We’re hearing the terrible S-word again. The President and his fellow Republicans are all over Democrats, calling them Socialists. They’re even suggesting America could topple to Socialism because of the Democrats.

Like all those Southeast Asian nations falling to Socialism in the 1960s? Are Republicans kidding? Are they screwing with everyone’s mind?

(Is it “Patriotic … or Fake?” I was wondering, in a July 30, 2019 Letter)…

PR people like me… we’ve shaped what others say. And now, there’s political rhetoric that takes the game to a whole new — and disturbing — level.

What some politicians are saying is more twisted than a pretzel. Their patriotic-sounding words mask the actual purpose of their rhetoric, to denigrate and attack anyone whose beliefs differ from their beliefs. Political opponents are unpatriotic, they hate our great nation! Athletes taking a knee disrespect our nation’s flag. The press is the enemy of the American people.

People who make a living shaping rhetoric for leaders in government and business pretty much understand what their bosses would want to say. So, imagine government staffers, in the nation’s capitol, sitting around a conference room table, anticipating what one boss, in particular — the big one — would want to say.

Then, listen closely to the ‘patriotic’ rhetoric, and — most importantly — the underlying messages. To see if what’s being said is truly patriotic, or fake.

(In late 2019, my first HMPRESENTLY columns were being published, and I’ve been wondering about a whole lot of things, over ensuing years, and, at times, continuing to build a narrative about politics and various politicians, like, for example, in this column, published on January 13, 2020)…

HMPRESENTLY: How About Driveways, or Furniture?

by Harvey Radin | Jan 13, 2020 | Opinion/Letters

Just the other day, I happened to see skilled workers replacing concrete on a driveway. They were building wood forms and installing rebar. When a cement truck pulled up to pour fresh concrete, the crew working at the site determined just the right amount of it needed for each section of the driveway, tamped down the fresh concrete and smoothed it over so everything looked just right. They were demonstrating their craft. Their skill.

In the meantime at the nation’s capitol, various politicians were demonstrating their craft… building acrimony, a craft they have been honing more intensely than ever.

Workers who are skilled at a craft build what folks often need and can surely use; driveways, furniture and homes, for example. Acrimony, on the other hand, doesn’t seem quite as useful, but politicians keep building it anyway.

Just recently at a rally in Ohio, for example, the president fired up his crowd when he called Democratic Congressman Adam Schiff a “pencil neck.” At other rallies, he’s yelled “Go home to mommy,” as protesters were being removed for questioning his administration’s policies. He’s even complained that protesters were being treated too gently as they were being marched out the door, suggesting they should be roughed up more.

After she was named Person of the Year in Time magazine, climate change activist Greta Thunberg was mocked in tweets:

“Greta must work on her Anger Management problem, then go to a good old fashioned movie with a friend! Chill Greta, Chill!”

Various politicians have been building acrimony aimed at immigrants, press freedom, women’s rights, the Speaker of the House, and almost anything having to do with previous administrations; the Obama and Clinton administrations, of course, and even the Bush and Reagan administrations.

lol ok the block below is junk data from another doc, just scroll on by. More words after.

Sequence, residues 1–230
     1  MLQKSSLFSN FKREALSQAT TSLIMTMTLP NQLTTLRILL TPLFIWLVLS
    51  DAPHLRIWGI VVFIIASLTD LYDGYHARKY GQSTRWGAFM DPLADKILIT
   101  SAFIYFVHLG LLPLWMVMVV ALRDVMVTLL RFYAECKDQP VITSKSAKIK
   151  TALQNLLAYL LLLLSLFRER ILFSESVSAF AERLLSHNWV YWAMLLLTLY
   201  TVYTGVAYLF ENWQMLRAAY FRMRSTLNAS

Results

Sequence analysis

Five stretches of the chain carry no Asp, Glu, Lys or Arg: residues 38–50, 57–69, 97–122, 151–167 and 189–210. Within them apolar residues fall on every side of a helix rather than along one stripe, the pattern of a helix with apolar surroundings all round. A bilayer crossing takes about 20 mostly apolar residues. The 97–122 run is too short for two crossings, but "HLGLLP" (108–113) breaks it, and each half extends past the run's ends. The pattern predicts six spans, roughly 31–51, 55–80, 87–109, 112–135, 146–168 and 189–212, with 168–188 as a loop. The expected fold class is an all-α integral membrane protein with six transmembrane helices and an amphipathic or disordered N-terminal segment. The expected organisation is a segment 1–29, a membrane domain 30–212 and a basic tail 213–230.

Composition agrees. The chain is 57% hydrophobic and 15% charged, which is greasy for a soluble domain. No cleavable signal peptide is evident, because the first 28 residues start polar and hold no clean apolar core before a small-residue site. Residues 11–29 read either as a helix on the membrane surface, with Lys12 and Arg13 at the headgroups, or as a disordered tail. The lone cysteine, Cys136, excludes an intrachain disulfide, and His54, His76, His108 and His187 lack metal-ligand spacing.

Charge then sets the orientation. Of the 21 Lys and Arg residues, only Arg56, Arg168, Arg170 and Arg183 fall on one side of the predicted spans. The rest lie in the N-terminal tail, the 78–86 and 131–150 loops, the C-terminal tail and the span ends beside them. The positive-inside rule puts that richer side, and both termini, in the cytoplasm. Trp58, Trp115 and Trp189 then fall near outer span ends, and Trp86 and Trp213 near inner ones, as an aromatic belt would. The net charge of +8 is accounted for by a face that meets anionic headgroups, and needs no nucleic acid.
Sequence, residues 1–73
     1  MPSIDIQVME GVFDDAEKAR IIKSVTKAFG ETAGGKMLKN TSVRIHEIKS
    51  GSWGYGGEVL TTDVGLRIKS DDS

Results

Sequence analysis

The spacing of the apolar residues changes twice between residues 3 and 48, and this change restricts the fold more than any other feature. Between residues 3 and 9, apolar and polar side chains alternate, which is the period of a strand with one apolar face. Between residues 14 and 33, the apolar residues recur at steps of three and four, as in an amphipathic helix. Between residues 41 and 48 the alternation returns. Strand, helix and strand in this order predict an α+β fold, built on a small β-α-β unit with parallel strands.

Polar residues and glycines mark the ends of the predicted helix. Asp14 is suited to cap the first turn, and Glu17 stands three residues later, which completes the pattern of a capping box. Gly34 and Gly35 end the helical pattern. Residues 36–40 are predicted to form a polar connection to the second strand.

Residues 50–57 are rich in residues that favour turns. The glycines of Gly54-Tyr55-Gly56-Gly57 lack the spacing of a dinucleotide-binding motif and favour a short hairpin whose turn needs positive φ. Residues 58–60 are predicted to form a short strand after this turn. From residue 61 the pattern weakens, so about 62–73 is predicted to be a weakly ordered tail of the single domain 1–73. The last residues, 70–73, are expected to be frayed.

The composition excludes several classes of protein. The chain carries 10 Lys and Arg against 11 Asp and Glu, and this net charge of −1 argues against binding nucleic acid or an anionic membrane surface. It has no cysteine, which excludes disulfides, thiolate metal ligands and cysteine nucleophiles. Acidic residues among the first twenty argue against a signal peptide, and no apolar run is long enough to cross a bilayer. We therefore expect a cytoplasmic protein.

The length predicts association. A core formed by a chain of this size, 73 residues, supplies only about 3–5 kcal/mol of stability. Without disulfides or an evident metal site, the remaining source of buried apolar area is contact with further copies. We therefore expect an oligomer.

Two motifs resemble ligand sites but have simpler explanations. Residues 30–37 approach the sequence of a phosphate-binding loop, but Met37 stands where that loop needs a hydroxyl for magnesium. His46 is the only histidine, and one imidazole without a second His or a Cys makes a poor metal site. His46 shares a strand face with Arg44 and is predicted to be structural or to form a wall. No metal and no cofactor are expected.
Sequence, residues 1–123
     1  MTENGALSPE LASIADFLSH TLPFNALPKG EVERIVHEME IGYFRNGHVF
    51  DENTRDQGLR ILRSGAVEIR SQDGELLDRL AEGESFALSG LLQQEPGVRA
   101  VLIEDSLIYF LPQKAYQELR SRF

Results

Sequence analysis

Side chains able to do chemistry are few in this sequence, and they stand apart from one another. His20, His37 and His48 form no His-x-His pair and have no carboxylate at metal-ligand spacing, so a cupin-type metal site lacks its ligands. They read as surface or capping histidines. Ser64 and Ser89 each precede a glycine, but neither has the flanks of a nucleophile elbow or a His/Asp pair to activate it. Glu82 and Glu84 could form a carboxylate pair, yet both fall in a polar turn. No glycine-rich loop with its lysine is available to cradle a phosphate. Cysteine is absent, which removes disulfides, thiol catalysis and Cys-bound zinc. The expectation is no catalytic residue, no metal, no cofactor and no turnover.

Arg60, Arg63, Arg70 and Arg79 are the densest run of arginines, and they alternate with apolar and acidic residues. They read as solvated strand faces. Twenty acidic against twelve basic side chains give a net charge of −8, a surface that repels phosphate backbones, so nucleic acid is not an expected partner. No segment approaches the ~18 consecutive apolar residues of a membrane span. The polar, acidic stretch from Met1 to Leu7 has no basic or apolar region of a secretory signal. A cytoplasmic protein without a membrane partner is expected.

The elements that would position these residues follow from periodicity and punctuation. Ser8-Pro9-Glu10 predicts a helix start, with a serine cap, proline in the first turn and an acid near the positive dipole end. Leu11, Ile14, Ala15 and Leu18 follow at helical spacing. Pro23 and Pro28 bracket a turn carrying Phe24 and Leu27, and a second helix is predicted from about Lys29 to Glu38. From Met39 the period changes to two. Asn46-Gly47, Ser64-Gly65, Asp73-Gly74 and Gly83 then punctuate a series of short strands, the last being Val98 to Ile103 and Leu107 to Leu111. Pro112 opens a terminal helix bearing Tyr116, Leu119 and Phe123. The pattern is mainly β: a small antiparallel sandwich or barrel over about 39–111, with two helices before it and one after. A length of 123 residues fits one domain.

They’ve mastered acrimony, some of those politicians. They’re better than ever at their craft. But maybe they should build driveways or furniture, instead?

(And then, in this column — below — about Kale, and such, and in some other columns, over the years, I’ve been continuing on, with… it seems to be a narrative, maybe?)…

HMPRESENTLY: Politics, Religion, and Kale

by Harvey Radin | Jan 23, 2020 | Opinion/Letters

Hey, we’re polarized in this country, so they say. And that just might be true.

We’re being knocked around by politics, religious beliefs, where we are on the environment and conservation. I exaggerate, but in the recesses of your mind do you ever wonder what shoppers near you might be thinking as you’re about to drop some kale in your shopping cart? Or what neighbors are really thinking about someone’s solar panels or hybrid car?

Being in the San Francisco Bay Area, I don’t worry quite so much about what I’ve just described. But inland, in some central locations in the state, things can be different. Maybe you get a few raised eyebrows, shopping for kale.

Religion! I shouldn’t be getting into that, because I’m not very religious. But does it bother you, seeing politicians trotting out their religious beliefs, when what they seem to be up to, some of them, is weaponizing religion more than practicing it?

Have you seen believers of one persuasion or another laying hands on politicians? On one of them, in particular, who, unless I’m mistaken, doesn’t seem to be attending Sunday services with much, if any, regularity.

Politicians are sure good with their pious looks. They get soft, prayerful expressions in their eyes, like they’re gazing at the Holy Scriptures. God, they’re good at that! The current VP, in particular, sure is.

The current president; maybe not so much, even when he’s getting hands laid on him.

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Harvey Radin…

Image tweaker, guest articles and commentary writer… @hmpresently